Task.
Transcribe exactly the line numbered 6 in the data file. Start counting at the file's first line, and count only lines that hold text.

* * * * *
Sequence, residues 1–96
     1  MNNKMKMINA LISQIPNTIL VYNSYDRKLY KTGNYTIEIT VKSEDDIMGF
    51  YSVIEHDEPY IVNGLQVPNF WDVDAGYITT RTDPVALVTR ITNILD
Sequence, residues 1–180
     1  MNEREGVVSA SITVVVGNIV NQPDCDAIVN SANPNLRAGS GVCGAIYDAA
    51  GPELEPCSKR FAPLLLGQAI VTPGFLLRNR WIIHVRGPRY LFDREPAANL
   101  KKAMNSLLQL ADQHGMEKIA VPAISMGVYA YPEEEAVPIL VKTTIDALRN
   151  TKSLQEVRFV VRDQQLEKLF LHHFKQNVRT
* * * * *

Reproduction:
    51  GPELEPCSKR FAPLLLGQAI VTPGFLLRNR WIIHVRGPRY LFDREPAANL